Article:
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Campaign Summary

Campaign Name ARCTAS
Campaign Location Fairbanks, Alaska, San Francisco, California and Cold Lake, Canada
Inclusive Dates April 1-21, 2008, June 22-24 and June 26- July 12
NASA Project Manager Dr. Hal B. Maring
Mission Scientist Dr. Daniel Jacobs
P3B Mission Scientists Drs. Philip Russell and Antony Clark
P-3B Mission Managers David Easmunt, Catherine Fairchild and Collen Kelly
Chief Pilot George Postell/Michael Singer
Status Completed
Online Photo Album ARCTAS Photos


CAR Data Summary

Principal Investigator Dr. Charles K. Gatebe
Co-Principal Investigator Dr. Michael D. King
Spectral Bands Configuration




CAR Mission (Flight) Pages
(Click on flight number or map to load mission page)

Flight # 2001   2008-04-06
Flight map for flight number 2001
Flight # 2002   2008-04-08
Flight map for flight number 2002
Flight # 2003   2008-04-09
Flight map for flight number 2003
Flight # 2004   2008-04-13
Flight map for flight number 2004
Flight # 2005   2008-04-15
Flight map for flight number 2005
Flight # 2006   2008-05-16
Flight map for flight number 2006
Flight # 2007   2008-06-11
Flight map for flight number 2007
Flight # 2008   2008-06-13
Flight map for flight number 2008
Flight # 2009   2008-06-19
Flight map for flight number 2009
Flight # 2010   2008-06-22
Flight map for flight number 2010
Flight # 2011   2008-06-24
Flight map for flight number 2011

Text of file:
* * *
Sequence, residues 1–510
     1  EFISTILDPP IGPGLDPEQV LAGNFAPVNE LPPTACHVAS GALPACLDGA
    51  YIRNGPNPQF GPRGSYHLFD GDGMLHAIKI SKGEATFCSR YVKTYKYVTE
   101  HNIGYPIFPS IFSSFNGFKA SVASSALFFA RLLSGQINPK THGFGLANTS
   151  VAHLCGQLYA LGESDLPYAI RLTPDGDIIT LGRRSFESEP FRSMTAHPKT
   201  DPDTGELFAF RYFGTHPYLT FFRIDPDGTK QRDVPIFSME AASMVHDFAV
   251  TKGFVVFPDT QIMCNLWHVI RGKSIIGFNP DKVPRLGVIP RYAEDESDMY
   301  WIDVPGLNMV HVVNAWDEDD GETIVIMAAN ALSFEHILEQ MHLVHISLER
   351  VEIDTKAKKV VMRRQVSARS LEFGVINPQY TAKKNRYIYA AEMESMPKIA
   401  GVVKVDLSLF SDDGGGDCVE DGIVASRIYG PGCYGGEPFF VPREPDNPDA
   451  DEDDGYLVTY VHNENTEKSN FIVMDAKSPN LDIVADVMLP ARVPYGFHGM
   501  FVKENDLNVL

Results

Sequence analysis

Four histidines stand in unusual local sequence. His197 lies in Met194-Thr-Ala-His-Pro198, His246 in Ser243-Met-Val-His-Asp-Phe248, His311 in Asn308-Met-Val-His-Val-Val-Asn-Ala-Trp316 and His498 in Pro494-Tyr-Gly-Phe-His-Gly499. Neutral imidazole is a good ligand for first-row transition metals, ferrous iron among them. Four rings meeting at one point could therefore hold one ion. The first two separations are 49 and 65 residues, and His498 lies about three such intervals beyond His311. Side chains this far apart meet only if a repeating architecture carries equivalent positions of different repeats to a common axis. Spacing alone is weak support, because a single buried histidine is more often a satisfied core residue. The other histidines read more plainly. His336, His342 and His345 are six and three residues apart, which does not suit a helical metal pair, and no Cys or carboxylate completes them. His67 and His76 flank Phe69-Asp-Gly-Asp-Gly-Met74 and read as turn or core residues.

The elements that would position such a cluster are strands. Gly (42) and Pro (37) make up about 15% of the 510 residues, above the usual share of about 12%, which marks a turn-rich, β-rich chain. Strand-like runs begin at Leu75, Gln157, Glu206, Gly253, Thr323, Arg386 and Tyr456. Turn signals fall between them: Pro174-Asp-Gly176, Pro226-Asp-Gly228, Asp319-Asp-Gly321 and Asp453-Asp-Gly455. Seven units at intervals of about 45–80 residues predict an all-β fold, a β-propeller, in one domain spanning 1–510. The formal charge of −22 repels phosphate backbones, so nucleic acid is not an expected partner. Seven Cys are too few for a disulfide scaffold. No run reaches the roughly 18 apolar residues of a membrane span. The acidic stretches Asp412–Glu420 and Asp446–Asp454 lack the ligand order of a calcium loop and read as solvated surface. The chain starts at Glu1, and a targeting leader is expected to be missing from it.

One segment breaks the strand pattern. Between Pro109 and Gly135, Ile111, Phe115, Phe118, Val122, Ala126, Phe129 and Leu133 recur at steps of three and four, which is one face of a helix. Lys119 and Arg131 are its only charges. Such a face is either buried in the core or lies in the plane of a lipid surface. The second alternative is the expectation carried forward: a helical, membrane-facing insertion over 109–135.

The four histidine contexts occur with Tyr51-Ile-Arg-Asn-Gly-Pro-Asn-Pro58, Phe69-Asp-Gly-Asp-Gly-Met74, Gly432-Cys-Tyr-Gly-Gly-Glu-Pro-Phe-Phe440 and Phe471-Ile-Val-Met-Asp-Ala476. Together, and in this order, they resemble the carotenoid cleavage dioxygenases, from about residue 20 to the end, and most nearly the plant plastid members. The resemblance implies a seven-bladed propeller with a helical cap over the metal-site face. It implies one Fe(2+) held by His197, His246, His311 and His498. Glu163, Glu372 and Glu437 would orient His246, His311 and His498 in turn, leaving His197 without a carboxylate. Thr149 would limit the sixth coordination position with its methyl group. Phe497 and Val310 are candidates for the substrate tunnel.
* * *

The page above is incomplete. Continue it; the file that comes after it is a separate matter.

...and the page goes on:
Flight # 2012   2008-06-26
Flight map for flight number 2012
Flight # 2013   2008-06-26
Flight map for flight number 2013
Flight # 2014   2008-06-28
Flight map for flight number 2014
Flight # 2015   2008-06-29
Flight map for flight number 2015
Flight # 2016   2008-06-30
Flight map for flight number 2016
Flight # 2017   2008-07-02
Flight map for flight number 2017
Flight # 2018   2008-07-03
Flight map for flight number 2018
Flight # 2019   2008-07-06
Flight map for flight number 2019
Flight # 2020   2008-07-07
Flight map for flight number 2020
Flight # 2021   2008-07-09
Flight map for flight number 2021
Flight # 2022   2008-07-10
Flight map for flight number 2022
Flight # 2023   2008-07-12
Flight map for flight number 2023


Campaign Objective: 

Polar Regions, with their extensive ice cover, are naturally sensitive to changes in surface air temperatures, and therefore could provide evidence of global temperature changes due to anthropogenic emissions. The melting of ice sheets as a result of global warming will have catastrophic effects on human beings, primarily due to sea level rise, and potential impacts on ocean and atmospheric circulation. Extensive experiments were planned in spring and summer of 2008 to coincide with and in support of the International Polar Year (IPY; 2007-2009)), and include investigations affiliated with the POLARCAT (POLar study using Aircraft, Remote sensing, surface measurements and modelling of Climate, chemistry, Aerosols and Transport). The NASA effort, known as the Arctic Research of the Composition of the Troposphere from Aircraft and Satellites (ARCTAS), provide opportunities to study the Arctic atmosphere and surface properties and processes from ground-, airborne-, and satellite-based measurements in an integrated manner. Satellite measurements have provided global views of the Earth, which show significant decreases in sea ice cover, providing evidence that climate change is proceeding fastest at the high latitudes of the Arctic and Antarctic.